The Penguins’ defense has been one of the most interesting groups on the team to track. The forwards have gotten more of the spotlight early in the 2019-20 season, and for good reason since an amazing five key forwards ended up hurt by the third game of the year in an almost unprecedented run of bad fortune.
But defensively the Pens remain a fascinating case study. Most teams will go with seven healthy defensemen on their 23-man roster. Maybe have an eighth if there’s an injury concern. Pittsburgh broke camp with nine healthy defensemen, more than anyone else in the league.
It’s only been one week of the season and four games, but what have we learned?
Something has to give
We’ve seen Jack Johnson’s name in the rumors. And Erik Gudbranson has too recently. And even Juuso Riikola has had his name floated in potential trade talk. There’s a lot of smoke that the Pens are working to solve their defensive logjam by moving someone out via a trade, and that makes logical sense.
Also, just an observation, but from the notorious “75-80% chance Johnson gets traded in the next 48 hours” report that went without a deal, it’s tough to ignore that Bryan Rust’s injury occurred right in the middle of that window. Could that have delayed or affected those plans? No one who knows it talking now, but it’s interesting timing, if nothing else.
Either way, carrying nine doesn’t seem a viable option for too much longer. The Pens’ issue could be timing — other teams may be looking to wait a few weeks before making any trades so quickly out of the gate.
Emergence of Marino
Besides the sheer number of blueliners and steady stream of local and national trade reports, the big story on the ice for the Penguins has been the emergence of youngster John Marino.
Marino was acquired from the Oilers in late July for a future sixth round draft pick. It was seen more as a move for organizational depth to simply add a right handed shooting defensive prospect in an age range (22) where Pittsburgh didn’t have much stocked in their organization.
However, Marino’s impressive play has accelerated his timeline and exceeded even the best case scenario. He was one of Pittsburgh’s best players in the preseason and kept earning more spots in the lineup for games.
He’s been broken into the league slowly in the regular season — a scratch in the first two games, the 7th defenseman in the third game and then final part of a regular pair in the fourth — but Marino’s been able to keep making every step and progression.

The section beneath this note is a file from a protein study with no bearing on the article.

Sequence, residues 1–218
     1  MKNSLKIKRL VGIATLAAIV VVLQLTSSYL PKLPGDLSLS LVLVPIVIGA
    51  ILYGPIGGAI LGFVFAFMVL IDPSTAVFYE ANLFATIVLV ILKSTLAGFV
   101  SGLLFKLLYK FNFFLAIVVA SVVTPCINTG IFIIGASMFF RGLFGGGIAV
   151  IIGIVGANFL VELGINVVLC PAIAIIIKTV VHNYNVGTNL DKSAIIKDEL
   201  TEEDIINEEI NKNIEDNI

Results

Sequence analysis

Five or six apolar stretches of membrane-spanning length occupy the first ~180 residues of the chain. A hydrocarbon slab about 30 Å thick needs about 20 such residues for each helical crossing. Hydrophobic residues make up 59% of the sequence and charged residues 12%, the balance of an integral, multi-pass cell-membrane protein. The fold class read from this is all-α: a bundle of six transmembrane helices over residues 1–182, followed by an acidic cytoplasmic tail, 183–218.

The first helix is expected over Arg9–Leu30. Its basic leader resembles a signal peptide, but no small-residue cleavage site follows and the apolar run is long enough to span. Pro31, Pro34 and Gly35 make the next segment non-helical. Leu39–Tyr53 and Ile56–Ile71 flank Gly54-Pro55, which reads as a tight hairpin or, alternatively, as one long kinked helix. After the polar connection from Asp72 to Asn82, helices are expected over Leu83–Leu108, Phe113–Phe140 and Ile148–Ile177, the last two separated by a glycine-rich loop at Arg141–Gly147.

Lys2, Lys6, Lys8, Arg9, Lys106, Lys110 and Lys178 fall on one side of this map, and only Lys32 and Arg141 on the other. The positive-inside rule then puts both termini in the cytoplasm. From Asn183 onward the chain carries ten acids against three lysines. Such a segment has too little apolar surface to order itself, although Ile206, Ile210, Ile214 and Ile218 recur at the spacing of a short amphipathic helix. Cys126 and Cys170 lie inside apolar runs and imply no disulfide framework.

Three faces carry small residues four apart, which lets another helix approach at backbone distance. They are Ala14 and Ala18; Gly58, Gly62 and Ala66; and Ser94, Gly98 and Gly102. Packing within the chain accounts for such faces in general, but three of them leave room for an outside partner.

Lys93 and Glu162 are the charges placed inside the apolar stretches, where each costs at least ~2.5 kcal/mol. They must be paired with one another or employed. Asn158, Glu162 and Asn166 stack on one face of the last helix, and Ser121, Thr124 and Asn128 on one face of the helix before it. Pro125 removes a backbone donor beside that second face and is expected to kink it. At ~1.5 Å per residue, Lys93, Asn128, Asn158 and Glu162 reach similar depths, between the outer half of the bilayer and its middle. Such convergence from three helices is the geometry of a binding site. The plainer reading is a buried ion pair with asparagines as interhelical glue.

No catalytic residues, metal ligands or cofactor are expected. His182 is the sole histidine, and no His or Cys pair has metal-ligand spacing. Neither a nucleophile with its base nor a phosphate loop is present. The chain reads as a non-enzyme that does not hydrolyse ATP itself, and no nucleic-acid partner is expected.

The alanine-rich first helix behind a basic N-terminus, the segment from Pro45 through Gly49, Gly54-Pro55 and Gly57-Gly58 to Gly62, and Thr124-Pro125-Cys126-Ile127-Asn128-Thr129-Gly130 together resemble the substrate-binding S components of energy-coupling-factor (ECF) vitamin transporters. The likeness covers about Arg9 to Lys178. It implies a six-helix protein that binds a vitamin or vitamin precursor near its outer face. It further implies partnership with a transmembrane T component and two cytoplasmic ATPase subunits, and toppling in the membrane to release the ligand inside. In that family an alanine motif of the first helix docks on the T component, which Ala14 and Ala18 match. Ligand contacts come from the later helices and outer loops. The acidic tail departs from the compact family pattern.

He’s good all around the ice, can move well, and his stick offensively and defensively is pretty impressive, even from the very start of his career it’s clear that he plays with a lot of confidence and is a capable player.
John Marino is really out here. I am not just making a meme. He's just showing the rest of the team how to keep a strong gap, be aggressive responsibly, and just swat zone entires down like small mosquitoes. pic.twitter.com/z8y9iWR1Tm— Jesse Marshall (@jmarshfof) October 10, 2019
Marino’s place on the team changes the roster calculus of the back-end. If he’s to be a regular in the lineup moving forward —and there’s no real reason shown yet that he shouldn’t be — suddenly Gudbranson is a healthy scratch. Gudbranson bumbled and fumbled around against the Jets earlier this week and was a scratch for the first time since joining the Pens. That’s probably more a result of the team liking Marino more than anything though.
For salary purposes, one would think Gudbranson and Johnson should be traded as quickly as possible, given that the team has so many important free agents on the horizon. If general manager Jim Rutherford can move Gudbranson in the interim, it will buy some breathing room under the salary cap to operate.
The team may then see how a Johnson-Marino duo can fare as the third pair. Propping up Johnson is a tall ask for a rookie in Marino. Last night against the Ducks, Marino had a 33.3% Corsi For%, Johnson a 38.89%. Both had negative nights on scoring chances in big ways but were bailed out by goaltending. While they kept the puck out of the net, it wasn’t a performance to be confident that Marino can do what so many others have failed to do to help Johnson not get caved in with shots, chances and more goals against than for. It’s probably just impossible, but the experiment continues.
Pittsburgh was also at home and used Kris Letang (16:43 5v5 time played) and Brian Dumoulin (15:34) to shield Marino (13:07) and Johnson (12:46) as much as they could. That might not always be possible, especially with matchups and facing better lines as the Pens head out on the road, it may not always be possible to hide the third pair. And sometimes even at home it’s not possible (see first liner Mark Schleifele burning Gudbranson the other night).
Time is in the Pens’ favor. Deal Gudbranson now for a player who makes less and that will buy some space. Give Johnson-Marino a bit more time to swim or, more likely sink, and that should identify the next change to the roster — replacing Johnson in the lineup and scratching him like the team did in Game 1 of the playoffs. The space to go and add a viable LHD by the deadline should be found with the savings from Gudbranson.
That would be the best of all worlds and complete the full restoration of the Pens’ defense to end up the year with an upgraded third pair courtesy of finding someone in a trade for the left side, and John Marino on the right.
Pittsburgh’s defense is a work in progress, even if right now it has been status quo by carrying a bloated nine man crew that probably only has a few quality pieces and a lot of flotsam to sort out.